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By Joseph Malinga

Finding a job placement can really mean to be very difficult for someone in a poor country such as Uganda. It is even harder if one lacks employable skills. Actually, the case scenario becomes even more complicated for people with disabilities especially for youth with disabilities─ most of whom have limited access to the skills the job market requires, bit for formal or informal employment. 

This case scenario previously explained, Moses Alinaitwe’s way of life. As youth with disability, Alinaitew dropped out of school in primary seven, not because of his disability but because no one offered to further his education, let alone was his family able to enable his other siblings attain reasonable education.

 In a very disabling circumstance such as this, it is quite normal for Alinaitwe to write off his future. All he could do was to live for the next day. In 2014, however, his fate received a slight boost ─that he has now turned into a very ambitious future─when Connecting the Dots Project being implemented by Sightsavers in collaboration with NUDIPU, and UNAB with support from European Union, identified him. 

Alinaitwe was then asked to select skills of his choice that he believes could turn around his destiny. Being a youth with physical disability, his wish was always to acquire skills in electronics because he often admired to repair mobile phones, and other electronic gadgets, but his level of education could not favour his wish so he opted for leather skills.

“I wanted to offer a course relating with electronics because that has always been my wish all through my life,” the 28, year- old, Alinaitwe said. “Unfortunately, I was advised to change because my education level was limited so I had to switch to leather work,” he adds.


Although leather work was not his original inspiration, Alinaitwe says he found the course more interesting and enriching after being enrolled at Masindi Centre for the handicapped. Apart from attaining the leather skills, he also received skills in entrepreneurship probably explaining why he owns a business at Kinubi trading centre, MParo division, Hoima Municipality.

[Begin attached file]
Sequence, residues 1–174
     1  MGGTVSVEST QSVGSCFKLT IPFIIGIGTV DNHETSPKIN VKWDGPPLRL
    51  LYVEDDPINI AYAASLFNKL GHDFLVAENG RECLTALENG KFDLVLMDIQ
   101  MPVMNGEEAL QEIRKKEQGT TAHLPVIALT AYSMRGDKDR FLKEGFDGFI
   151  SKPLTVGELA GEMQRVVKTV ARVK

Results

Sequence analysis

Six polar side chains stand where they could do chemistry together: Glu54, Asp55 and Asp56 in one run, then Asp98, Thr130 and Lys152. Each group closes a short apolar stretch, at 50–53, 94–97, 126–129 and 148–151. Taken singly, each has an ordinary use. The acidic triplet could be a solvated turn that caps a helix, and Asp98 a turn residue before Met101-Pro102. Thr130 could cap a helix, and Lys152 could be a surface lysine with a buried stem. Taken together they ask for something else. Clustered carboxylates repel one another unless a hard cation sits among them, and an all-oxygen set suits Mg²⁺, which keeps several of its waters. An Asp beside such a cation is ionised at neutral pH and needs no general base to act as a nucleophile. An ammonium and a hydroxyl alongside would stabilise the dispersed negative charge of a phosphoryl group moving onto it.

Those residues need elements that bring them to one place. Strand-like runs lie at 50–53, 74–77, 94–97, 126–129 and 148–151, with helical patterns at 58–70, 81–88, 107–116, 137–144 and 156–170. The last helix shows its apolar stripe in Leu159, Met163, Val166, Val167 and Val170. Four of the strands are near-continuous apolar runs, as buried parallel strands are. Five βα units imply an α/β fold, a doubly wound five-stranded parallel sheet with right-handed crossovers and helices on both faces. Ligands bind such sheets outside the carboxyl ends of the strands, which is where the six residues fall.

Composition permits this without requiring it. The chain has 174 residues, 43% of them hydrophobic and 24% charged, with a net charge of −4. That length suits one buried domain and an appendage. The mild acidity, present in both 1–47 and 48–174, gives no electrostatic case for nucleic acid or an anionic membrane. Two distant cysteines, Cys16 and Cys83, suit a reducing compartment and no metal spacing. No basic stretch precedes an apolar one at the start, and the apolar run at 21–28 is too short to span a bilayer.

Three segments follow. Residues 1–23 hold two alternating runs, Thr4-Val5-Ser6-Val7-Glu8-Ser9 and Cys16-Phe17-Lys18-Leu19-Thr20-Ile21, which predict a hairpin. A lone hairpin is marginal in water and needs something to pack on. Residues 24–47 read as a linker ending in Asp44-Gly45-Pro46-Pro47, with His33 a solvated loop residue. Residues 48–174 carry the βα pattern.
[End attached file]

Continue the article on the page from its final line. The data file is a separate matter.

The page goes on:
“After the training I was given a sewing machine, with other toolkits. I decided to rent a place here where I now operate. I pay shs 10,000 per month for the space in front of someone’s tailoring shop. My landlord sews clothes while for me, I sew leather cushions for motor cycles and vehicles.

The beginning was not very easy because I first faced stiff competitions from the person I found here. He didn’t want me to work here but I persisted and he ended up shifting and left me here,” Alinaitwe said with a bold smile. From his expression, he seems to love his job. This could probably explain why he is enduring a sunny afternoon with hot breeze to serve his clients.

For Alinaitwe, a person who never thought he would ever fend for himself, the knowledge he acquired has totally changed his life. “I can take care of myself now. I used to be home doing nothing because I thought I can do nothing about my situation. I didn’t know that I had the potential just as society had judged me. Now things are totally upside-down. Besides fending for myself and I do contribute fees for my young siblings and other basic needs at home.  Isn’t that wonderful?” Alinaitwe boasts about his success.  

His dream now is to grow his business. He wants to start up a leather workshop and shop dealing in school uniforms, spare parts for sewing machines and leather materials. Currently he buys the materials within Hoima at higher price. This to him, is affecting his profit margin. He also intends to buy a specialised machine for leather work because the current one cannot match the task.

The desire to grow his business however, is in line with the support he receives from his customers. “We like him because he knows his work. I don’t have any reason for abandoning him yet,” Julius Kyamanywa, one of Alinaitwe’s customers, said of him.  For every repair, Alinaitwe charges between shs 15,000-20,000 per client. His average monthly earnings range from shs 100, 000-300,000. 


© 2013 National Union of Disabled Persons of Uganda, All right reserved